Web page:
By Kath Noble –
Probably even Mahinda Rajapaksa is amazed at how much he can get away with. At the end of the war, he promised that he would fully implement the 13th Amendment. In fact, he promised that its full implementation would be just the beginning – further steps would be taken to ensure that Sri Lanka never had to face such an ordeal again. He may even have believed it.
Yet here he is now, trying to pass constitutional amendments to do away with a number of its very significant clauses.
Discussion of this fascinating turnaround has tended to focus on the international community, in particular India. What will India do if Mahinda Rajapaksa goes back on his word? What will the world think?
Of course this is important. India has proved that it is eminently capable of destabilising Sri Lanka. Its supply of weapons and training – and a safe haven – to Tamil militant groups was vital to their converting numbers into results after Black July. More recently, India’s support of Western diplomatic efforts to raise the issue of war crimes at the United Nations has contributed to – if not by itself resulted in – the loss of other key states of the Non-Aligned Movement, plus the toughening of global public opinion.
In between, India helped the Government to pursue its military campaign against the LTTE to a successful conclusion.
Its current alignment with the West on Sri Lankan issues should be a major cause for concern, given Western enthusiasm for and experience of destabilisation, especially of countries with leaders that it considers troublesome.
One of the inadvertent consequences of the victory over the LTTE is the massive overconfidence of Sinhalese nationalists. They have come to think that Sri Lanka can take on the world. That it is an island of only 20 million people – and 20 million people who are united in body but not yet in spirit – does not register. Bring on a billion Indians and however many from the West! Never mind the suffering such confrontations entail, even when they don’t involve the use of force. Let them try! This is linked to the fallacy that they have already defeated India once. But it was the LTTE and not the Government or the JVP that forced the withdrawal of the IPKF, and the most important factor in that struggle was not its military capacity but the Tamil ethnicity of its members.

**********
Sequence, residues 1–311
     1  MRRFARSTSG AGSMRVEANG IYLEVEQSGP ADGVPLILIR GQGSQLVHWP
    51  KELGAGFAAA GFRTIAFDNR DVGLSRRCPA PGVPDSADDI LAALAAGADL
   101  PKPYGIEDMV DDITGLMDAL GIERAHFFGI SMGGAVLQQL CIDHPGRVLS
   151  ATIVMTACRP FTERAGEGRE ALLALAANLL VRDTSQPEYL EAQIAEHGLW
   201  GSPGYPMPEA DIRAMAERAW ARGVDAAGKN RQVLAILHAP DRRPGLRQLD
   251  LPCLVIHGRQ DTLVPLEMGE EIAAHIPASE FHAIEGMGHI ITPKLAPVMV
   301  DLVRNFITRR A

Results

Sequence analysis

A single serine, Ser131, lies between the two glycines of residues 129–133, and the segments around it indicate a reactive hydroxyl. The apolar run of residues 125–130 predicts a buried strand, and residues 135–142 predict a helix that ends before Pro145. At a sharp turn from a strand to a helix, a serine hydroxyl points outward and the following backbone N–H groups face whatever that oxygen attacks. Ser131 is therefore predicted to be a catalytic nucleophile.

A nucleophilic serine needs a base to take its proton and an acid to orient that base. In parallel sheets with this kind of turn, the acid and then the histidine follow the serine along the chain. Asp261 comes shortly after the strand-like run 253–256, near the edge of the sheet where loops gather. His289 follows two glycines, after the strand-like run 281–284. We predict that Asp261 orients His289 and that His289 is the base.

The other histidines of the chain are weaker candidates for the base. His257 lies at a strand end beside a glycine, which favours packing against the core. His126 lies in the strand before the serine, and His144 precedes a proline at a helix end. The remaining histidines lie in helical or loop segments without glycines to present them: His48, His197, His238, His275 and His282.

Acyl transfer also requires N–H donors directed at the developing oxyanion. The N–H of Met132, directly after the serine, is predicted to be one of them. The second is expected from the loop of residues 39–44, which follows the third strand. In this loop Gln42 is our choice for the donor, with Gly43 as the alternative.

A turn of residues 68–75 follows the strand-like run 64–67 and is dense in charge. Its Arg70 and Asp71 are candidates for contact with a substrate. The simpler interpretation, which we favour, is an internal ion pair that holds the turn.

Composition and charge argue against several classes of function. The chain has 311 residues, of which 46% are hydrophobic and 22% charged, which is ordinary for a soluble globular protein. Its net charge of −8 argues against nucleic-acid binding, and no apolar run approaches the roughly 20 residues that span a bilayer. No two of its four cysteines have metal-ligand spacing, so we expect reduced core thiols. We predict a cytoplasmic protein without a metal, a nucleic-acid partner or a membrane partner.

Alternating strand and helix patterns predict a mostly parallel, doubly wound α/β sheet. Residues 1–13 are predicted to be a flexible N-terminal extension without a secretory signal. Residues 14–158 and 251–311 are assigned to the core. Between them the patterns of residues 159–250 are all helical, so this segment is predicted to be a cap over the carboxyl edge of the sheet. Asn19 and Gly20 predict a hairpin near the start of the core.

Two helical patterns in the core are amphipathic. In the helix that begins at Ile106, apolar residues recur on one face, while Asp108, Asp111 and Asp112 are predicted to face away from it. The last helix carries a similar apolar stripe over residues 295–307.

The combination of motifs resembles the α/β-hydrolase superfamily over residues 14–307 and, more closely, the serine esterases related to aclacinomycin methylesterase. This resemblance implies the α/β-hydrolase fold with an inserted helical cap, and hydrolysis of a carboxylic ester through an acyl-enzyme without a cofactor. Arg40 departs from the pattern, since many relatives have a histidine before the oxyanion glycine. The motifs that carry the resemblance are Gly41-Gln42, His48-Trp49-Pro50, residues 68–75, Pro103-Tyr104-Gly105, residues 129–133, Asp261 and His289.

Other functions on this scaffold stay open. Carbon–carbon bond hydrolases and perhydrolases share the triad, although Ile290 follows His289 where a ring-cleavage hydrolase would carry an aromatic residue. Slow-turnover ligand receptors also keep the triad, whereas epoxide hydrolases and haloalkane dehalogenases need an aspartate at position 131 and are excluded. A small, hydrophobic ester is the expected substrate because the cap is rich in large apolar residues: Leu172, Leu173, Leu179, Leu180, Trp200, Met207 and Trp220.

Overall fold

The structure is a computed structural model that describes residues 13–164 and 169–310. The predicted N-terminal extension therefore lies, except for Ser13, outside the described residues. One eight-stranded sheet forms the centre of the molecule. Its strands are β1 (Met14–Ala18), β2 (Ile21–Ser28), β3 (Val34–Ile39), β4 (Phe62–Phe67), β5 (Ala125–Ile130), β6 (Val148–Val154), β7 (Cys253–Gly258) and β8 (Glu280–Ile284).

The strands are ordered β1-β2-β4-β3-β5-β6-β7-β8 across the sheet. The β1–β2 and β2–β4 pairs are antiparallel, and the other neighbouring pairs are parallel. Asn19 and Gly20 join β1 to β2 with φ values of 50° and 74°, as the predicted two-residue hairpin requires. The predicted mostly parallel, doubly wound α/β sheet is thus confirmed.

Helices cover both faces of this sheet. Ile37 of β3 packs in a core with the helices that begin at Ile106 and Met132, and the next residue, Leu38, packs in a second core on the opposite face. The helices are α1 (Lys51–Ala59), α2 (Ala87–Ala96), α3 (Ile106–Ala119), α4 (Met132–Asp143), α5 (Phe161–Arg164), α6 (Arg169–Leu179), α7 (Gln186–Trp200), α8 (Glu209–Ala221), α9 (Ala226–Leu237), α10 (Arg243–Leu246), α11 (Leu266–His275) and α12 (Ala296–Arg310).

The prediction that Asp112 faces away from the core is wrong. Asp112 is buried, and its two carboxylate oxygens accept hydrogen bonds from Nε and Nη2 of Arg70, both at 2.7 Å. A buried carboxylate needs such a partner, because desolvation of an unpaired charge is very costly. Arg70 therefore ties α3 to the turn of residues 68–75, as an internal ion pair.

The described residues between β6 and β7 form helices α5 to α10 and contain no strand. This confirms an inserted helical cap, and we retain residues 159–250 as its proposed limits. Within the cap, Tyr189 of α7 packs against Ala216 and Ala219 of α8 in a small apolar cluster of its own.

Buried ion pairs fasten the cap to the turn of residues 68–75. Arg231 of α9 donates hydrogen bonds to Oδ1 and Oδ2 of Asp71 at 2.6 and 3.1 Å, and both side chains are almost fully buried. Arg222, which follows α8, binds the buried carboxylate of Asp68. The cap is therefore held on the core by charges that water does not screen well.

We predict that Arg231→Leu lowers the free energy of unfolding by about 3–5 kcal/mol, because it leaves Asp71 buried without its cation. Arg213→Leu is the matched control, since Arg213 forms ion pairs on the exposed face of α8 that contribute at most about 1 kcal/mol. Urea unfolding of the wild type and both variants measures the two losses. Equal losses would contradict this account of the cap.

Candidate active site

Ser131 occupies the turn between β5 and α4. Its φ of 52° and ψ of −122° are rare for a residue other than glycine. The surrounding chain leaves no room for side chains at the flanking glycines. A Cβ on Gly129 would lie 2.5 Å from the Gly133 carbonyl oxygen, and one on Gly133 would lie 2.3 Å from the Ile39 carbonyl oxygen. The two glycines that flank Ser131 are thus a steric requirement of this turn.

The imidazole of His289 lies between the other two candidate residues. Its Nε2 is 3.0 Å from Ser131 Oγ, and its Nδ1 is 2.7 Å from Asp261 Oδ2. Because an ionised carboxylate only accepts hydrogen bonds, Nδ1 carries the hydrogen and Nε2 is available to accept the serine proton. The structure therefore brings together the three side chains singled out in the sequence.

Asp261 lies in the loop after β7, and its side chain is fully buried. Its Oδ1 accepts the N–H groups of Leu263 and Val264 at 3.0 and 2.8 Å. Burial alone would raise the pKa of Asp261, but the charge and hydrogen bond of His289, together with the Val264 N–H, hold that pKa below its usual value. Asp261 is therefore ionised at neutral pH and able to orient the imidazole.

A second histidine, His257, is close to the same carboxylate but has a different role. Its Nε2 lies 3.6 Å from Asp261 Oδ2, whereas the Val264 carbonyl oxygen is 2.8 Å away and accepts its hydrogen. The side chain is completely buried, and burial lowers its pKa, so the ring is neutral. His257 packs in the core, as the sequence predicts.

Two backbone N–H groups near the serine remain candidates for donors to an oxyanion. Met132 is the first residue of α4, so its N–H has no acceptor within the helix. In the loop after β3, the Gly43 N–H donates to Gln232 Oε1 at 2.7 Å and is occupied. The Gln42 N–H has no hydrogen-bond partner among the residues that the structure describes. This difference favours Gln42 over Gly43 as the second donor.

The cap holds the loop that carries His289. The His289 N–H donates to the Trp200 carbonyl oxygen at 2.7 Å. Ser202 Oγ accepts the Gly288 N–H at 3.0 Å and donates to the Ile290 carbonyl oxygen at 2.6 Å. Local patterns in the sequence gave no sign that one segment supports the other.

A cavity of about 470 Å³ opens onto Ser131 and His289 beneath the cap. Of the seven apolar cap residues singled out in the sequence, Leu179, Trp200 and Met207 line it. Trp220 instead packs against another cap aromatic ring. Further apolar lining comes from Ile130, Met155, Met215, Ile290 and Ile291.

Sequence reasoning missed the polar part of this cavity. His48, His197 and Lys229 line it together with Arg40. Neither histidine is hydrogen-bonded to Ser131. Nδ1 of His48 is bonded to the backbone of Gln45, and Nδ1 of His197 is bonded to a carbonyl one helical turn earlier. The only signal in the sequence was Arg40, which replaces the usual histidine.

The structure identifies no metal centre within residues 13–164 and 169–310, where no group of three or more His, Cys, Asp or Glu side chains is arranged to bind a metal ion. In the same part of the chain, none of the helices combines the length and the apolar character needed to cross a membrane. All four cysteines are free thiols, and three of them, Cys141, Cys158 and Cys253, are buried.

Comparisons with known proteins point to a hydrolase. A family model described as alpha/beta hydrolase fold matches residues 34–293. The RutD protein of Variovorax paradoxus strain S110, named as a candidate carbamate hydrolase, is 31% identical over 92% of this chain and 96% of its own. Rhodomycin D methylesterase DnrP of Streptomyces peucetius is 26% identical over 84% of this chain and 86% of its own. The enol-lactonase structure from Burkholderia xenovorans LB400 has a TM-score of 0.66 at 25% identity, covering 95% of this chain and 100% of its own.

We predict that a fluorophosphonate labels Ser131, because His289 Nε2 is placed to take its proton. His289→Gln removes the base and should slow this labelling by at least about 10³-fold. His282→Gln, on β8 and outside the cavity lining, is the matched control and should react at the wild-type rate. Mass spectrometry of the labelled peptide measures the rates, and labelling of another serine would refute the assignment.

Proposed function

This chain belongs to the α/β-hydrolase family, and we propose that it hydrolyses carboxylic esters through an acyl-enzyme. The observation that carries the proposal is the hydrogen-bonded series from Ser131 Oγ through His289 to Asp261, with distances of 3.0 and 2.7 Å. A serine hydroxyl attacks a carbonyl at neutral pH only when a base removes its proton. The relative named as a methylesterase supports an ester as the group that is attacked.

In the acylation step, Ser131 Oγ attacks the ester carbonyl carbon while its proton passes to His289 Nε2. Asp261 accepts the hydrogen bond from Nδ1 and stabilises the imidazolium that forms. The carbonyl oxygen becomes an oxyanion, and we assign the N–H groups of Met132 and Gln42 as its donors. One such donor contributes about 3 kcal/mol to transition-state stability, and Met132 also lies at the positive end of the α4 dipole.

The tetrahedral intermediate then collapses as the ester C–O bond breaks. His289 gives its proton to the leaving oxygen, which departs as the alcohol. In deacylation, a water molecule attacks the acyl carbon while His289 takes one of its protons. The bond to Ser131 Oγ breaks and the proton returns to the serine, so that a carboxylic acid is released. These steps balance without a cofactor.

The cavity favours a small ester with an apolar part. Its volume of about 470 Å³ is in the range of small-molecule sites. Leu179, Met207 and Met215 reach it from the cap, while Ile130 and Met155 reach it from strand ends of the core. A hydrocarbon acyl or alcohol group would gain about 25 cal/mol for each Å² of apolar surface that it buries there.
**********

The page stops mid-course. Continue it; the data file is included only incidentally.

Only the form of intervention would be in doubt with the undoing of the 13th Amendment. It is a ‘red line’.
The absolutely obvious – yet apparently incomprehensible to Sinhalese nationalists – result of such provocation of India would be the practical strengthening of the separatist cause in Sri Lanka.
It would also be theoretically strengthened, of course.
Separatists hate the idea of functioning provincial councils in the North and East. That is why the LTTE rejected the 13th Amendment and why the British Tamils Forum has this weekend issued a statement ruling out any deal that is based on it. To justify dividing the country, they need to argue that Tamils cannot live in Sri Lanka. They need to convince people that they will always be dominated and discriminated against by Sinhalese, if not actually murdered by them. And making those claims would be a lot more difficult if the most important decisions affecting the day-to-day lives of the inhabitants of Tamil majority areas were being taken by their elected representatives from the Tamil community itself.
Involving the most popular Tamil political formation in the governance system would also encourage it to move away from such an agenda. They should be given an incentive to work for Sri Lanka.